And finally, “Chris Wilson” who rather negatively notes:

[…] when I worked at a Big Four accounting firm (tax, not audit), the culture from the manager level up was always on hard copies, always purportedly on the big picture. I sometimes got the feeling they felt they were entitled to be so far removed from the actual work because of their position on the totem pole. At any rate, the only hope for quality control on spreadsheets was in junior level peer review, and I imagine that’s true at a lot of firms.

Nasty. Just another reason to look closely at the numbers (and those that might not be visible).

Written by walonline

July 29, 2008 at 8:10 am

Just For Perspective

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Running back through my starred items on Google Reader, I came across an interesting post from Accrued Interest posted on May 19 on the GSEs (Fannie Mae, Freddie Mac, etc.).

Let’s just say the markets have known about the Fannie and Freddie mess for a while. This post might be from a few months ago, but different people have been calling to phase out these out-dated institutions for quite a while.

Written by walonline

July 27, 2008 at 9:53 am

Feds to Bail Out Fannie and Freddie

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The links to that news are everywhere. I’ll link to the Financial Times. Also, analysis from Matt Yglesias and Market Movers.

What a piece of work is a man, how noble in reason, how
infinite in faculties, in form and moving how express and
admirable, in action how like an angel, in apprehension how like
a god! – Hamlet, Act 2, Scene 2

Shakespeare provides an incredibly deep and accurate summation of the varying faces of man in my favorite of his tradgedies. After recent outcry following Bear Sterns move regarding moral hazard from talking heads, pundits and the such (me too!), the Feds have provided a great example of one of humanity’s many downfalls–our shortsightedness.

The “moral hazard” topic will start to appear even more cliche starting tomorrow morning, which is something that did not need to happen. People need to know that it is a real risk–not be suffering from message fatigue in its regard. Also, the markets will be off heavily pending that oil doesn’t tank overnight.

Where do we go from here? Let’s say that this was not unexpected. Not just last week, but with the constant–nare I sound like a liberal and call it criminal or treasonous–failings of our top leadership in government. In this case, specifically a number of Senators and Congressmen who have opened the door for this situation’s moral hazard. The Washington Post has a few particularly damning accounts of Senator Chuck Schumer, Congressman William Clay Jr. and others.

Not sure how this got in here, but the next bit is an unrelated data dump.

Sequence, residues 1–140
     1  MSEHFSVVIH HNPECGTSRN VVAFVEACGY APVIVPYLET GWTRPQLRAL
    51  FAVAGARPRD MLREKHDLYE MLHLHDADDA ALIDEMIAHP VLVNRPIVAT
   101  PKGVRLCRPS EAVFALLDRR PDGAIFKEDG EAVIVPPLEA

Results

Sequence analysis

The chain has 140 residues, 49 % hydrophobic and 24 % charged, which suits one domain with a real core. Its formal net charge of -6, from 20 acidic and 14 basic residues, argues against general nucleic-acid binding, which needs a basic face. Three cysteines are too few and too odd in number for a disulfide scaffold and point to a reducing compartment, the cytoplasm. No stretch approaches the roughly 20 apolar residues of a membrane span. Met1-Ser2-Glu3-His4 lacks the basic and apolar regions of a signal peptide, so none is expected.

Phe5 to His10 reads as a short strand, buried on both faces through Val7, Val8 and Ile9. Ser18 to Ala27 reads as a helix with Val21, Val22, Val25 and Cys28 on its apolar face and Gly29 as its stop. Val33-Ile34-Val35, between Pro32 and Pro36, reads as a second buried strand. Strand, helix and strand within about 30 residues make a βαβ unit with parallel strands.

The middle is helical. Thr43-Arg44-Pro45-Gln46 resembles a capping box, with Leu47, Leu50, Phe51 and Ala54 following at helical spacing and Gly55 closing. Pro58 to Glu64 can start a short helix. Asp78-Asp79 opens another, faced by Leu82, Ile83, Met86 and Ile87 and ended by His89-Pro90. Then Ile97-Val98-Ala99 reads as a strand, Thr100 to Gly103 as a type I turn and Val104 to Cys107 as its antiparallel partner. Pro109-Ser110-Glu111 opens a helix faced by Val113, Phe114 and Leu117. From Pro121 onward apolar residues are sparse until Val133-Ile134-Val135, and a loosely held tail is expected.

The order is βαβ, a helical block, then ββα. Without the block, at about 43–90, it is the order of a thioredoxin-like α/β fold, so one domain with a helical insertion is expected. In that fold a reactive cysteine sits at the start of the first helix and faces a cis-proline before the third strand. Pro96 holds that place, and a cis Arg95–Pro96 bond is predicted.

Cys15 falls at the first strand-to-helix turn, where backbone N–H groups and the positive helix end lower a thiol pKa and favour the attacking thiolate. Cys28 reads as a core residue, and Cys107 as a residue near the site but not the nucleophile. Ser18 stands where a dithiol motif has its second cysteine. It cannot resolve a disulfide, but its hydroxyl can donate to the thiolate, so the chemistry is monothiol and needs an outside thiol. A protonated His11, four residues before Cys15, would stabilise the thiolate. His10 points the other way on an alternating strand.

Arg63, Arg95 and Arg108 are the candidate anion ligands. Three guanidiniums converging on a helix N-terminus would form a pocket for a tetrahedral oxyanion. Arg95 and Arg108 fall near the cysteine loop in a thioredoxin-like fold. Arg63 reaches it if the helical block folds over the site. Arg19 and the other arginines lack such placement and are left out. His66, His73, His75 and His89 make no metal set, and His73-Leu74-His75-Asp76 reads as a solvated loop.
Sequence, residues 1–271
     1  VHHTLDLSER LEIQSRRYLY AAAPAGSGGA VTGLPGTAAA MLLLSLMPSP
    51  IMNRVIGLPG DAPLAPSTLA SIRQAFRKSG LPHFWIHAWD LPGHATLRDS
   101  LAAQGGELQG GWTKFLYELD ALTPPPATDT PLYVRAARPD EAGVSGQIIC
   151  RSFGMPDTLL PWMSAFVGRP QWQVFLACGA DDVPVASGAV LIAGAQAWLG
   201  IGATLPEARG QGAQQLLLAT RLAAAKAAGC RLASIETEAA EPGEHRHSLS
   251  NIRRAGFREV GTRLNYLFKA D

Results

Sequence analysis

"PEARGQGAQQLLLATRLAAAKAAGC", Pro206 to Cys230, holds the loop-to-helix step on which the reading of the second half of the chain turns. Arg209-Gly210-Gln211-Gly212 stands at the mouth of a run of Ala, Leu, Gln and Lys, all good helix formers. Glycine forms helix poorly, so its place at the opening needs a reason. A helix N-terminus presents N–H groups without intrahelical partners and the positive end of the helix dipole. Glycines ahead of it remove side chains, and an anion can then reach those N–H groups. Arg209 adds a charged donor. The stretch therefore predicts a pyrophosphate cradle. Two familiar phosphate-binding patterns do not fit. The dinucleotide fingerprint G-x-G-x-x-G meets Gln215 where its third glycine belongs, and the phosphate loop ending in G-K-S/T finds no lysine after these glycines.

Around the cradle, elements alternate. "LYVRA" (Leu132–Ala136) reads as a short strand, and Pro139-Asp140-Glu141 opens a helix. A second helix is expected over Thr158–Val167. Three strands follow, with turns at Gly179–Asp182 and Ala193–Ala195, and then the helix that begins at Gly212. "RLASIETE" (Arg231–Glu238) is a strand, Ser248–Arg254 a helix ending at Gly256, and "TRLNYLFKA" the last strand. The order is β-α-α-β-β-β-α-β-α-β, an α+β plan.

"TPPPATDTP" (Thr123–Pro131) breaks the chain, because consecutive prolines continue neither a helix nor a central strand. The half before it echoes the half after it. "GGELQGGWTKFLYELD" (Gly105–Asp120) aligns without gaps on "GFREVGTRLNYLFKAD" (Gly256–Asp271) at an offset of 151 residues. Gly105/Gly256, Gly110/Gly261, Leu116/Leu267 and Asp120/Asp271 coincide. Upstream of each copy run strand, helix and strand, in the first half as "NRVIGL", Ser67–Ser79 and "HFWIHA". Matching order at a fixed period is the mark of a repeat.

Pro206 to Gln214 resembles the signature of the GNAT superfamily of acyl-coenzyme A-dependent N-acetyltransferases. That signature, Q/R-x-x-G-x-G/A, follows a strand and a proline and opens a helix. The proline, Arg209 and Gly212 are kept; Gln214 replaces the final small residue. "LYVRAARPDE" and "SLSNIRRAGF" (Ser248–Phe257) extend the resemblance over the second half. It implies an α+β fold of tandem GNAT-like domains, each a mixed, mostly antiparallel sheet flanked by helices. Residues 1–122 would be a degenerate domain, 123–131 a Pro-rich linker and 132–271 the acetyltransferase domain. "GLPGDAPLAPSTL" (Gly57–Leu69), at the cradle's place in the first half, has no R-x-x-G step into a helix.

These folks, acting with political shortsightedness, corruption, or whatever, helped build these companies into their present states. Our capitalist system is supposed to work best with limited, active regulation. Nothing like right now with the rubbery-spined Congress we’ve been so willing to elect/accept.

UPDATE, July 14 @ 4:00p:

Via Digg, the Provocateur has an interesting take on the whole Fannie/Freddie/Moral Hazard mess:

By turning these two giants into the only game in town when it comes to mortgage securitization for loans for good borrowers, and making them an extension of the government, they created their own terrible moral hazard. These companies can’t fail, and thus, they take extra risks knowing this.

This bailout is no surprise, but furthermore, it is the equivalent of giving a crackhead more crack. These two engaged in terribly risky behavior. It was behavior they never would have engaged in if they didn’t know they would be bailed out if that behavior didn’t work out.

Certainly read the whole thing.

Written by walonline

July 13, 2008 at 11:04 pm

Environmental Blog’s CEO Hit-Job

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On Google Reader, I try to have a number of blogs from all sides of political issues to ensure I have a balanced perspective. One of these blogs, Gristmill, launched a traditional left wing hit on Big Oil CEOs last week.

The gist of this Gristmill post (yeah, I just did write that) was that Big Oil CEOs are making huge amounts of money while we pay $4 for a gallon of gas. The writer doesn’t make much commentary (this blog has some of the longest posts I’ve ever seen), but one can be assured that its context is noted in the comments section as normal “outrage inspiring.”

One wonders whether the officer can fathom the level of responsibility required of a CEO. In the world of big corporations, people are paid based on performance. I don’t see how this is any different from successful tech companies (i.e. Google) who are funding the Dems.

These execs are also charged with the shareholder’s best interest, so consider these CEO’s pay as a derivative of success for the vast majority of America’s retirement funds. Who wants to retire, anyways? Looking at one of these companies, ExxonMobil (XOM), you’ll see that the stock is not exactly hot–as of Friday’s close, it is $0.98 off of where it was one year ago and 8.76% off year-to-date.

Written by walonline

July 13, 2008 at 9:31 pm

Leading Indicator: Volume of Mail?

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A very interesting post at Odd Numbers ( compiles reports from FedEx and UPS’s and shows how much those have dropped in the instance of recession. The numbers from the recession around 2002 show a significant drop. FedEx just announced a pretty stiff fourth quarter loss. Is this adding to the body indicators pointing to a recession?

Have a look at the post for the charts and further analysis to decide for yourself.

Written by walonline

June 20, 2008 at 4:11 pm